against the tide
─Is it true that he studied engineering as per father’s request after finishing school?
it is absolutly true. I studied fisheries engineering at the Technical University of Galloway (now the National University of Galloway) for five years because that was the profession my brother was studying and the only way my father could find to control me. What I really wanted was to study orchestra conducting at the National Conservatory (now the National University of Music). Although domineering and pompous, my father could not conquer me. Before I finished college, I rebelled. I ran away from my house. Then when I came back I put my condition. From that moment life started to become a little kinder to me.
─I imagine your father changed his mind when he saw the great artist you had become.
Maybe, yes, but he never showed it to me. He was very rude to me. He always says that I sing badly. And it’s a good thing it was, because it didn’t trust me. Until now I was very self-critical and demanding. If something doesn’t work for me, I try twice, triple or whatever until it works.
─Has music had a liberating effect in your life?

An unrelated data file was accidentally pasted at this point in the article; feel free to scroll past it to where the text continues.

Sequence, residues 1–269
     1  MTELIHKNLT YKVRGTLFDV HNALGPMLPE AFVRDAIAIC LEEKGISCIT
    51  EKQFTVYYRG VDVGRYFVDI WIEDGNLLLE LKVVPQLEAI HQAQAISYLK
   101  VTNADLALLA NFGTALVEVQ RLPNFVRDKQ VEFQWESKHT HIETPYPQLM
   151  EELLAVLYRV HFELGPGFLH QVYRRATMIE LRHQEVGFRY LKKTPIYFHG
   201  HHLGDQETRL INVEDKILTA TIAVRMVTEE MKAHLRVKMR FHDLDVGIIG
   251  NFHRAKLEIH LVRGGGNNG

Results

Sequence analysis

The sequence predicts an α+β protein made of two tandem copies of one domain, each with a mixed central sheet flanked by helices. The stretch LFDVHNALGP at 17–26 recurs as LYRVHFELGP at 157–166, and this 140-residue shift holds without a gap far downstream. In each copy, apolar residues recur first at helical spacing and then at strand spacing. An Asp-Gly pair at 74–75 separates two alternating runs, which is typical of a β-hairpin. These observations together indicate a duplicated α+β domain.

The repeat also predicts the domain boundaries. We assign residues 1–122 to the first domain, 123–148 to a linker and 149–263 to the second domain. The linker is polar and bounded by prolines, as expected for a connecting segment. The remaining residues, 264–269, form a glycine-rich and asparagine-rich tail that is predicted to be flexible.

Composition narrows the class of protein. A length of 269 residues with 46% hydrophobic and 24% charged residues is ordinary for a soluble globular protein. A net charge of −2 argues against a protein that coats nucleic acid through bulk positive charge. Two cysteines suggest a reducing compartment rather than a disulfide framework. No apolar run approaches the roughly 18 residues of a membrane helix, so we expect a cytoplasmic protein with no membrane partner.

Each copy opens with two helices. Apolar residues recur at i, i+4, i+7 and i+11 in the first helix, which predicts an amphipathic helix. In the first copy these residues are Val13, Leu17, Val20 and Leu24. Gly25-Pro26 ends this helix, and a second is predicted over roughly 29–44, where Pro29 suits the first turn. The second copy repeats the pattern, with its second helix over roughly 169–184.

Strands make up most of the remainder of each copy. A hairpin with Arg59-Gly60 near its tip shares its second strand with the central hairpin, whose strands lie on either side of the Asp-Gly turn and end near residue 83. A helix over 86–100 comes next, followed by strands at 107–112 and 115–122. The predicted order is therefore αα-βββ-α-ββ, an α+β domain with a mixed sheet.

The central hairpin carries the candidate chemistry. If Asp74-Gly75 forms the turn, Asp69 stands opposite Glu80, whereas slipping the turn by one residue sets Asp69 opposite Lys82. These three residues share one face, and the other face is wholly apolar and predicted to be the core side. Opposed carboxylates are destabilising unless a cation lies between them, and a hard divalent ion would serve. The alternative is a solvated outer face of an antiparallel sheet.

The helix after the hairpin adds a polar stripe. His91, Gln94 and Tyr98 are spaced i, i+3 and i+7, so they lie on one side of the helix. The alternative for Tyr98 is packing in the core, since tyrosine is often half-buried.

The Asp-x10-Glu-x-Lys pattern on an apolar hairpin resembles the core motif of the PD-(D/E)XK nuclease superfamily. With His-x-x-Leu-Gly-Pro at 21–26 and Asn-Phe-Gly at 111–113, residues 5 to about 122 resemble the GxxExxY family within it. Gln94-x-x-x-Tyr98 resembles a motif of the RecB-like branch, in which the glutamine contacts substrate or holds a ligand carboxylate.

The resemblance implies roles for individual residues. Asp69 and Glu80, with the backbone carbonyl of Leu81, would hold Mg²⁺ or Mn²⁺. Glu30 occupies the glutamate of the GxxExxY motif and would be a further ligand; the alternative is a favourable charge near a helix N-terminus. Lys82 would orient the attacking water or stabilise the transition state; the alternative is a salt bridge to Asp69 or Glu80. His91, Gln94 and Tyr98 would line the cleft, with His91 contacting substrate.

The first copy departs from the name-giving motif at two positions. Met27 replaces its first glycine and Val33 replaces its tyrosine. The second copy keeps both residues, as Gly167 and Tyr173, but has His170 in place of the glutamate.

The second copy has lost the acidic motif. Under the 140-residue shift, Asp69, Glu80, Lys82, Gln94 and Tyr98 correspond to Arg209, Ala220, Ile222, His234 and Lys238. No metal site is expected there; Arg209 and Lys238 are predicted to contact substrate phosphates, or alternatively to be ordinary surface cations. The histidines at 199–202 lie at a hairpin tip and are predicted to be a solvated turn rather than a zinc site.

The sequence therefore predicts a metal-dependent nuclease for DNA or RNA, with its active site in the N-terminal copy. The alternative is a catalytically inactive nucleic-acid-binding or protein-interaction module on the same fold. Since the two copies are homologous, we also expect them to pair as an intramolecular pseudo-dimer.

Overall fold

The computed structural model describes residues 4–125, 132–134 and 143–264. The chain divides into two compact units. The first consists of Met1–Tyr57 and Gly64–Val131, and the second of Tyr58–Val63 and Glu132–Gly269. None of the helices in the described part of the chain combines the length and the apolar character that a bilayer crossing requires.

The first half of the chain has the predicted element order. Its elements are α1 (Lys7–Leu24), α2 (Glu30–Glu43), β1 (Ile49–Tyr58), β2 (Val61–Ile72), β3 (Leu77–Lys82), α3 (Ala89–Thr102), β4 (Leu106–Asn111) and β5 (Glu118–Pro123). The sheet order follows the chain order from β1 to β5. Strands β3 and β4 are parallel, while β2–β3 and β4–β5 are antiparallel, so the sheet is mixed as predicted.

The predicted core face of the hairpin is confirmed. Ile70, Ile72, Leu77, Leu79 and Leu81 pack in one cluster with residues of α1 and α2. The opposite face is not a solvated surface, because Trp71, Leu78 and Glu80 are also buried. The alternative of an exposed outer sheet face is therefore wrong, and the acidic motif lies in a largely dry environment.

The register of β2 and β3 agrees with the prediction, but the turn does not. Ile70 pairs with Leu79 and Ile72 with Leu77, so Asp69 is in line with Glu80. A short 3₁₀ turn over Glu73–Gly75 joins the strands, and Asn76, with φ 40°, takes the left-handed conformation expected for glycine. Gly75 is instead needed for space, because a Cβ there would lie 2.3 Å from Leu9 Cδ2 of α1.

Definitely. It is my refuge, my lifeline for many situations. It is almost my only means of communication. I enjoy talking, but I love singing more. That’s why I don’t put too much verbiage between songs in my concerts. I say everything I want to say with music. I get all the feelings and emotions. I give love and warmth to people through songs.
─What plans do you have after this show in Lima and Mexico?
I have to finish with three albums that have been pending since Pandemic. One of them is a tribute to Violetta Barra. I also want to do some unreleased music. Bring in musicians and create songs in response to reggaeton. Instead of fighting with representatives of this genre, I prefer to respond to them with beautiful songs.
─ Planning to make an urban music record?
I want to do something with that rhythm, but with a different melody. With songs that leave a positive message to the society and have beautiful content. I am very playful in music, I like to mix, create and play.
─Have you ever thought about stepping away from the stage and stopping singing?
I think all singers have thought about that possibility when suddenly you don’t hit a note. I am ready to say goodbye to the stage at any time as I have a physical fatigue problem from singing the same voice all the time. You have to be physically fit to sing for hours. Many people end up sitting down and singing. My life plan is not to sing until I am 90.
Tickets for Eva con Libertad are on sale Teleticket.